• Never Suicide: Once was attempted suicide, though. And another time it was suicide, but caused inadvertently by another person.
  • Nerds Are Sexy: Shawn and Gus' childhood friend Dennis is a Formerly Fat software developer who still believes in aliens and is played by Freddie Prinze, jr. His wife Molly is also a nerd unbeknownst to him.
  • Nice Job Breaking It, Hero: By telling Despereaux that he was disappointed to learn that he wasn't actually the highly skilled international thief he pretended to be, Shawn inspired him to prove he could really do it. By complying with his request to visiting him in prison, Shawn ended up accidentally helping Despereaux escape.
  • Nice to the Waiter: One of the reasons Shawn gets away with so much shenanigans is that he often befriends people in the lower echelons of whatever organization he's looking into. At the SBPD, he remembered the name of their video tech when Juliet forgot the guy even existed.
  • No Badge? No Problem!: Shawn will often tell people he's "The Head Psychic for the SBPD" as if he's an actual officer, when he's actually a consultant/hired on Private Detective. Doesn't stop him from investigating everything and everyone vaguely connected to a high profile or interesting case, even cases he hasn't actually been hired for it. Da Chief puts up with it because he gets results. It's to the point cops from other jurisdictions have assumed Shawn is the boss and Detective Lassiter is supposed to answer to him, rather than the other way around.
  • Noir Episode: "Santabarbaratown." Most overtly referencing Chinatown but it subtly hits almost every Film Noir trope, including them going to a sultry lounge the looks like a 1920's speakeasy.
  • The Nondescript: Discussed when Henry describes a woman he was set up with as nondescript and Shawn remarks that he's only heard someone say that when discussing a crime scene.
  • Noodle Incident: In the season 3 episode "Talk Derby to Me," Chief Vick cites "The Prosthetic Nose Debacle of 2005" to explain why Lassiter is obvious when undercover but doesn't explain it any further. She also mentions in season 1 "The Secret Santa Debacle of 2005" to warn O'Hara from doing anything for Lassiter's birthday. Evidently, 2005 was a very eventful and stressful year in the life of Carlton Lassiter.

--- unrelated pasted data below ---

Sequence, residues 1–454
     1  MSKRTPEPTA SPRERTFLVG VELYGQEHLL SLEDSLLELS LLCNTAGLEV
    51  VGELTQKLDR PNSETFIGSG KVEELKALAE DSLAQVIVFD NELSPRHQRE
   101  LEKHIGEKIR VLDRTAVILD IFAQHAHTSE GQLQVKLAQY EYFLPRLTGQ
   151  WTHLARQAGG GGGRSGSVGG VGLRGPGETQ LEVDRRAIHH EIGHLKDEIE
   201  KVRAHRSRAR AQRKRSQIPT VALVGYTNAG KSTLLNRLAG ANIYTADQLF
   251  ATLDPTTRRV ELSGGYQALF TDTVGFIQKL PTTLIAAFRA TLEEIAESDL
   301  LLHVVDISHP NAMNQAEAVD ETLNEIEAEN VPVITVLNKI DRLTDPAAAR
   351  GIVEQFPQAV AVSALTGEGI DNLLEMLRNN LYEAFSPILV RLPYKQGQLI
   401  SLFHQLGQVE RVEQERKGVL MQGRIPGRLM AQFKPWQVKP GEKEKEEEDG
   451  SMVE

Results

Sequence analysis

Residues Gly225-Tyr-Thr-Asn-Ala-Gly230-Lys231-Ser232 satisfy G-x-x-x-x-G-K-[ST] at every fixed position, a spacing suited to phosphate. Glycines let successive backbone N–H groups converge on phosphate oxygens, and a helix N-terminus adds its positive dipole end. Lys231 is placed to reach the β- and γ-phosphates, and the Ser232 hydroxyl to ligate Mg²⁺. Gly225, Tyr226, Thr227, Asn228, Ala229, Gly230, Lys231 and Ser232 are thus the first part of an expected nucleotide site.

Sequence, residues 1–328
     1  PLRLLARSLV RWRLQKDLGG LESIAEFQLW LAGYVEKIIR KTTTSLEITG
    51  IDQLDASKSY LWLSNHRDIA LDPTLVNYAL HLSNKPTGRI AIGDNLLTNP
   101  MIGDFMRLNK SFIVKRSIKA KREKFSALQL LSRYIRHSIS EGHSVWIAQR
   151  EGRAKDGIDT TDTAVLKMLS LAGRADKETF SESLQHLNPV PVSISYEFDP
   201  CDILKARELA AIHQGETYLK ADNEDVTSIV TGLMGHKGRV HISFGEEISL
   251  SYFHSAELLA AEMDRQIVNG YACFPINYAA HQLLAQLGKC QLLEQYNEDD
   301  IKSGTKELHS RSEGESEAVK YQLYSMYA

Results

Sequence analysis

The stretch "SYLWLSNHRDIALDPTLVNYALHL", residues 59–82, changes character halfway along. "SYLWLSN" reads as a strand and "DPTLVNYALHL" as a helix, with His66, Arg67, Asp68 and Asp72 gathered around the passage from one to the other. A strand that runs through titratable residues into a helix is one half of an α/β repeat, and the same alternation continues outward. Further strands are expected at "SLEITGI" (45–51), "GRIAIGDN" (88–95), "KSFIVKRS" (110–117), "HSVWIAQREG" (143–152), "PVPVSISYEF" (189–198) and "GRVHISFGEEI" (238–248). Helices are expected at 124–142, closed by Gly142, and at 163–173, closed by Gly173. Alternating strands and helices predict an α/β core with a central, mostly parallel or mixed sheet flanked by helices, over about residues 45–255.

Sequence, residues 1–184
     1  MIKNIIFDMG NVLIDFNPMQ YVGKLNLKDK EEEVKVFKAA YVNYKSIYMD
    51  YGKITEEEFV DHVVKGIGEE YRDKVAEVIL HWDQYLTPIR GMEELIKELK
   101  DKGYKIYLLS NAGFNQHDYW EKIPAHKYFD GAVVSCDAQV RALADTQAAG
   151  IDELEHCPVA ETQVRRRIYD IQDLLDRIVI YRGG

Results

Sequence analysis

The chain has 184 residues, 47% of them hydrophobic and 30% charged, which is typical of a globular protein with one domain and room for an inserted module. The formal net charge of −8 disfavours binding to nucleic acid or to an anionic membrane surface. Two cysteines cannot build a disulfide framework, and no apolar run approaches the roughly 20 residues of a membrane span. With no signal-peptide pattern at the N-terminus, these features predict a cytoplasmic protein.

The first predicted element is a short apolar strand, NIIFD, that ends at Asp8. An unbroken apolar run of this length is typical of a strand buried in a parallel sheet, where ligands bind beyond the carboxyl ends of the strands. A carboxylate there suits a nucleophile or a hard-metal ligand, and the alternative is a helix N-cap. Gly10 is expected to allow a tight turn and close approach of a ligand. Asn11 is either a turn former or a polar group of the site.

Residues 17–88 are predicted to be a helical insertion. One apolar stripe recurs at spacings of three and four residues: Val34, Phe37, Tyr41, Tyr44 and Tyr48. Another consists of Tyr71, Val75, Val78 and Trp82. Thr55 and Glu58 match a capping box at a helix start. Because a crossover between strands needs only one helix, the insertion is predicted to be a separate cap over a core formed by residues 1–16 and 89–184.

• Also never explained was exactly what happened the two times Shawn and Gus were at the Mexican border and why those incidents taught Gus that he should never go anywhere with Shawn blind.
  • "Not So Different" Remark:
    • Lassiter seems to think of the Spencer father and son being basically the same person.
    • Same for Captain Connors, who in a less-than-lucid state, called Shawn "Henry"
    • Allsion Cowley remarks on this regarding her and Juliet, wince they're both blonde, can kick ass and are intelligent. Except for, you know, Allison's lack of empathy.
  • No Name Given: Allison Crowley's two assassins. They are simply referred to as "Heather Rockrear" and "Black Gentleman Ninja" note  by Shawn and Gus. Even the credits refer to them as such.
  • Not-So-Fake Prop Weapon
  • Nothing Is Scarier: In "Scary Sherry: Bianca's Toast," we never see the aftermath of Bianca's death by electrocution in the bathtub, but Juliet's Thousand-Yard Stare tells us that it can't have been pretty.
    • Similarly, in "Tuesday the 17th," Annie's dead body is never shown, but it's heavily implied that Clive hacked her to death with an axe. When Juliet—a trained cop who's seen dozens of dead bodies—finds her, all she can do is press a hand to her mouth in horror.
  • N-Word Privileges: Played with. An eyewitness questioned by Shawn and Gus in an episode is a white man who speaks with a very pronounced Thai accent. They accuse him of mocking Asian-Americans, but he explains that he was adopted and raised by a Thai family, so in a sense he is Asian-American - and, incidentally, that "offensive accent" is how he actually speaks.
  • Once an Episode: The show has a number of them. They mostly got added over the course of the first season or two. One started in the pilot.
    • Pineapples: James Roday Rodriguez ad-libbed a bit in the pilot where he grabbed a pineapple that set-dressing had put in Gus's apartment, "Can I slice this for the road?" The crew loved it and stuck pineapples in every episode for the fans to spot. They even had a sweepstakes you could enter by identifying an episode's pineapple.
    • The show almost always opens with a flashback to Henry teaching Young Shawn a lesson and/or teaching him a skill that will be useful in the episode.
    • The show almost always ends with a Summation Gathering where Shawn can pull together all the threads and dismiss the Red Herrings, usually in front of Juliet and Lassiter.
    • "Gus, don't be (a/an) [absurd thing]."
    • Until he and Juliet get together, Shawn getting Distracted by the Sexy.
    • Shawn giving Gus an absurd pseudonym. Lampshaded in an episode where Shawn introduces Gus to a convicted killer using their full real names.
      Shawn: I'm Shawn Spencer, famous psychic detective. This is my associate, Burton Guster.
      Gus: Now you wanna use my real name?
      • Averted in the series finale, where Shawn, knowing that it's going to be his last case, chokes:
      Shawn: I'm Shawn Spencer, and this is my partner...(saddened) I'm sorry, I can't do this.
      • Also averted in "Feet, Don't Kill Me Now", where Lassiter introduces Gus by his full name. Gus's reaction makes him ask what's wrong, to which Gus says that he's not used to being introduced by his real name.
    • Fist bumps.